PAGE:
The most significant feature of the World Heritage Convention is that it links together in a single document the concepts of nature conservation and the preservation of cultural properties. The Convention recognises the way in which people interact with nature, and the fundamental need to preserve the balance between the two. Countries which signed the Convention, and pledged to protect their natural and cultural heritage, and can submit nominations for recognition as World Heritage Sites (WHS).
In 1978 the first 12 World Heritage Sites were inscribed, onto the World Heritage List. Included in this first batch were Yellowstone National Park, the Historic Centre of Kraków, and the Galápagos Islands.
There are four categories of World Heritage Site – Natural, Cultural, Mixed and Cultural Landscape – with the World Heritage List currently exceeding 1100.
Cultural – there are 897 cultural WHSs worldwide including famous icons such as the Pyramids of Giza and the Taj Mahal, and in the UK Stonehenge & Avebury and Hadrian’s Wall (as part of the Frontiers of the Roman Empire).
Mixed – these are Sites have both natural and cultural heritage, and examples include the Tasmanian Wilderness, Machu Picchu and Mont Perdu. The UK’s only mixed WHS is St. Kilda, one of Europe’s largest seabird sanctuaries and evidence of over 4,000 years of human occupation. There are currently only 39 mixed WHSs.
Cultural Landscapes – the newest category of WHSs introduced in 1992, cultural landscapes represent the combined works of nature and humanity. They demonstrate the evolution of people and settlement over time, under the influence of their physical and natural environment. Out of the 897 cultural WHSs, 26 are cultural landscapes. The UK’s English Lakes District is one such WHS.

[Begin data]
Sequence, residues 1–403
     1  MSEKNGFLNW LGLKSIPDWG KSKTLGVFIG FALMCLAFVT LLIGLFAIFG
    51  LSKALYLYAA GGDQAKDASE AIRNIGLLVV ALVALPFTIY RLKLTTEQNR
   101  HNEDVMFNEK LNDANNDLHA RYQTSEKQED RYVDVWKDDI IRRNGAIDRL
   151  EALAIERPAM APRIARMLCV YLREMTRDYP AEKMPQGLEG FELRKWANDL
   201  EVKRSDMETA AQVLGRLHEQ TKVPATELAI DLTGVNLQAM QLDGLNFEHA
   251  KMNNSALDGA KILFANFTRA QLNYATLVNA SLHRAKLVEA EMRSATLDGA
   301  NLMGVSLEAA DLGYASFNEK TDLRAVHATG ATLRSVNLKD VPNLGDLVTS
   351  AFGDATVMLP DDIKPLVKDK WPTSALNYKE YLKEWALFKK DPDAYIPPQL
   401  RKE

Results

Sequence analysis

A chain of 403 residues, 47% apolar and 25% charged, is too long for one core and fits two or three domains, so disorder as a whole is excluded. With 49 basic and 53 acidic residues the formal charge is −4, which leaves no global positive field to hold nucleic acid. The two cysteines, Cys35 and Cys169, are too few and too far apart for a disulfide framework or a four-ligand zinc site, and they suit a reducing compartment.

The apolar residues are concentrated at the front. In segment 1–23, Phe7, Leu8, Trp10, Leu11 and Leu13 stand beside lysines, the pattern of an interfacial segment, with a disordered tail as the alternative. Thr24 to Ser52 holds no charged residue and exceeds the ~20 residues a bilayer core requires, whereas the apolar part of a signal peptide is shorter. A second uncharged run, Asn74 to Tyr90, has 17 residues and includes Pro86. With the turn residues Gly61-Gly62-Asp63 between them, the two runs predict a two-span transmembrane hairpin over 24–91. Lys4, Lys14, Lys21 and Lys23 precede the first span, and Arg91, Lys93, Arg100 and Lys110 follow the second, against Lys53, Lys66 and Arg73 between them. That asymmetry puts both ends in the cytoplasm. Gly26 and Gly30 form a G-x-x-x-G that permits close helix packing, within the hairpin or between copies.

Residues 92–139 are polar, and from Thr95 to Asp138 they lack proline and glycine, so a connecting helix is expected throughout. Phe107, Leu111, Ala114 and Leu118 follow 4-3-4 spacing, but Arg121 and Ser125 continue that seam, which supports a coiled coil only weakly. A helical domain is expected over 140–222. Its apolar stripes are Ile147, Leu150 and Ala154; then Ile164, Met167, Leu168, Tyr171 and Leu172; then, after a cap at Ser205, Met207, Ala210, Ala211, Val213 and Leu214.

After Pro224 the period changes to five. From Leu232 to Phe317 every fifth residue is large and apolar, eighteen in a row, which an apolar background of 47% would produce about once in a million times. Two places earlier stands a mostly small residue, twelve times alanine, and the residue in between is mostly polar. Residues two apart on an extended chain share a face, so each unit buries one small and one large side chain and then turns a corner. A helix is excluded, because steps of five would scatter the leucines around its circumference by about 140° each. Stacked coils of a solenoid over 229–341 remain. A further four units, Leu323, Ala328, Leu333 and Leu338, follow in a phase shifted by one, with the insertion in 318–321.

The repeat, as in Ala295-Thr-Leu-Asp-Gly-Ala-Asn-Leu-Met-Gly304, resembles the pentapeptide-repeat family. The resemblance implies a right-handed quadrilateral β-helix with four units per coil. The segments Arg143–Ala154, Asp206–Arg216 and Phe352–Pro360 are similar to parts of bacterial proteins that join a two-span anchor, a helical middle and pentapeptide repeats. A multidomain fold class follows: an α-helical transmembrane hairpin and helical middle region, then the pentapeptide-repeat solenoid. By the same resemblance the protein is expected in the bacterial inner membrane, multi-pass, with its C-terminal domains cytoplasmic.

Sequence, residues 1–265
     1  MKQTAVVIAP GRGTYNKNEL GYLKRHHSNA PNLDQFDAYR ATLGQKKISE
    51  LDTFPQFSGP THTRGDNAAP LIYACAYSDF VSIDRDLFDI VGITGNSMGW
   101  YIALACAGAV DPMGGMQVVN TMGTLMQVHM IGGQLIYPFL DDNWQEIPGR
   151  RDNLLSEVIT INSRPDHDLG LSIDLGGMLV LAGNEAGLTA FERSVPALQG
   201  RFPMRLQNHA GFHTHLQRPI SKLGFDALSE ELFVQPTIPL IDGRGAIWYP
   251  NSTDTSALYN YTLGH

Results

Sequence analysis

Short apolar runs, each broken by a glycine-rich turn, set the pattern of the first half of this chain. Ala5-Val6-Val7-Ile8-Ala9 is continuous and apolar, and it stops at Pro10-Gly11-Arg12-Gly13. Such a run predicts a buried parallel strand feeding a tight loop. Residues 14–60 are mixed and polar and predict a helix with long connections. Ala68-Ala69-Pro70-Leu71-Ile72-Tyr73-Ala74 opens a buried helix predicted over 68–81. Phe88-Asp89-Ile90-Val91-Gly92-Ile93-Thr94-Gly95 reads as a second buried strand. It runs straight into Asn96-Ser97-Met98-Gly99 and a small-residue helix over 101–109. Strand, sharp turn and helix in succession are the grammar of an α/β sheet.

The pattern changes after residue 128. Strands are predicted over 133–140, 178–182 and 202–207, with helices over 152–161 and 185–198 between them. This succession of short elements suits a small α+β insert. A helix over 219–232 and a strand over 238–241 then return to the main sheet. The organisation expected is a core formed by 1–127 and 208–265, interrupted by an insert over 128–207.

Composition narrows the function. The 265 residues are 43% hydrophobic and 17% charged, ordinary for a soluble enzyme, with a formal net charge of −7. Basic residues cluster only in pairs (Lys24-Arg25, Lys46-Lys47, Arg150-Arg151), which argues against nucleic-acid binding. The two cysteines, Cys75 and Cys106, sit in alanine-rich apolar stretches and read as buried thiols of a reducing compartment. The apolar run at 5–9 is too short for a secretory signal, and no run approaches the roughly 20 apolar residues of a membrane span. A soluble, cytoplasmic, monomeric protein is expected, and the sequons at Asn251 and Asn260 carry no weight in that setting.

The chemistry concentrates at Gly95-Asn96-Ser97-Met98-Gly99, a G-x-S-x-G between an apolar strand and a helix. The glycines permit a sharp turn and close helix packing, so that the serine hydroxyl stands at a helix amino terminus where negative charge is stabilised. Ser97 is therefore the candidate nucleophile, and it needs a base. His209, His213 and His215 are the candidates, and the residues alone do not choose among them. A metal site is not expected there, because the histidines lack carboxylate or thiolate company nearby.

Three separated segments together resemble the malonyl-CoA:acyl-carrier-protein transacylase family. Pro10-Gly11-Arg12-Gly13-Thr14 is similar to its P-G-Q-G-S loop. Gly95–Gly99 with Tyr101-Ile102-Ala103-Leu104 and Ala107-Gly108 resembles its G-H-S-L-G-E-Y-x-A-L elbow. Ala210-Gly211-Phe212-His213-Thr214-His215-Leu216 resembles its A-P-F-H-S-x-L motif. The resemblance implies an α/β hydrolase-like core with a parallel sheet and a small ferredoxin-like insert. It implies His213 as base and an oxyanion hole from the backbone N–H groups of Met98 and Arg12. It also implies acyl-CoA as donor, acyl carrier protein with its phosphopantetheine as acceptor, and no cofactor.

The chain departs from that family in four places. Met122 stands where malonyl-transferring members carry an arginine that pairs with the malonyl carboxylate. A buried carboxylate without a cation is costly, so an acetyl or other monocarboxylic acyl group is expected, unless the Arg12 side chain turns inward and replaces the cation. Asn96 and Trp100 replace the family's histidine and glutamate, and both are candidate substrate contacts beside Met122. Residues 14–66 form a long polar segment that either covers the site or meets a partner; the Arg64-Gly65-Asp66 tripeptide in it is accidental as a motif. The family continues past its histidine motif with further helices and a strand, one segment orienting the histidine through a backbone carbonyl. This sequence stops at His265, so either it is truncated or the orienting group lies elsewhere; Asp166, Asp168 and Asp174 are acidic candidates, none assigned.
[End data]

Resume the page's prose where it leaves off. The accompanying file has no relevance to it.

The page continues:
The UK has 33 WHSs (as of 2021), across all 4 home nations and in 4 overseas territories. The UK’s most recent WHSs are the Slate Landscape of North West Wales and the Great Spa Towns of Europe (including Bath), both inscribed in 2021.
Who is the World Heritage Committee and what is the World Heritage Centre?
The World Heritage programme needs managing. This is done through the World Heritage Committee. The Committee is responsible for the implementation of the World Heritage Convention. It has the final say on whether a nominated Site is inscribed to the World Heritage List, or not. Or it may decide that further thinking and work is required by a nominated Site and will defer their decision until that nomination is more robust.
Those countries, or State Parties, that have World Heritage Sites, report to the Committee on the state of conservation of their Sites. If the Committee believes that a Site is not being managed correctly, it will ask the State Party to take appropriate actions. If poor management continues, the Committee may decide to add these Sites to the List of World Heritage in Danger. In extreme cases, a Site may even be taken off the List (delisted). This has only happened three times. Being on the In Danger List is often a call for help and may be due to war or natural disaster impacting a WHS. The Committee’s decision to do this is often a catalyst for State Party and international partner action to address and respond to those challenges faced. Corrective measures put in place can and do result in a Site being removed from the List of World Heritage in Danger.